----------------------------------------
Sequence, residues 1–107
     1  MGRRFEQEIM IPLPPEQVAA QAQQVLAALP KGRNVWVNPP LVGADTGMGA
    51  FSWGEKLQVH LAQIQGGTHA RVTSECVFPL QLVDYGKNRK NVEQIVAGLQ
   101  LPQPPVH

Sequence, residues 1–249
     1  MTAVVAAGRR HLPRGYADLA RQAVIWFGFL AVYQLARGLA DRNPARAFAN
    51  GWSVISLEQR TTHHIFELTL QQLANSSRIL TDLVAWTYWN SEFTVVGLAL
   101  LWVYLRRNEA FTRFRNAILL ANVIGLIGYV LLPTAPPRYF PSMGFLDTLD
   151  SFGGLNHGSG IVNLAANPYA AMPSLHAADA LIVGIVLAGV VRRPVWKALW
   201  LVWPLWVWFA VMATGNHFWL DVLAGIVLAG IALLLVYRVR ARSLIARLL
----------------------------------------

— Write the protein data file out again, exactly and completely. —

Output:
Sequence, residues 1–107
     1  MGRRFEQEIM IPLPPEQVAA QAQQVLAALP KGRNVWVNPP LVGADTGMGA
    51  FSWGEKLQVH LAQIQGGTHA RVTSECVFPL QLVDYGKNRK NVEQIVAGLQ
   101  LPQPPVH

Sequence, residues 1–249
     1  MTAVVAAGRR HLPRGYADLA RQAVIWFGFL AVYQLARGLA DRNPARAFAN
    51  GWSVISLEQR TTHHIFELTL QQLANSSRIL TDLVAWTYWN SEFTVVGLAL
   101  LWVYLRRNEA FTRFRNAILL ANVIGLIGYV LLPTAPPRYF PSMGFLDTLD
   151  SFGGLNHGSG IVNLAANPYA AMPSLHAADA LIVGIVLAGV VRRPVWKALW
   201  LVWPLWVWFA VMATGNHFWL DVLAGIVLAG IALLLVYRVR ARSLIARLL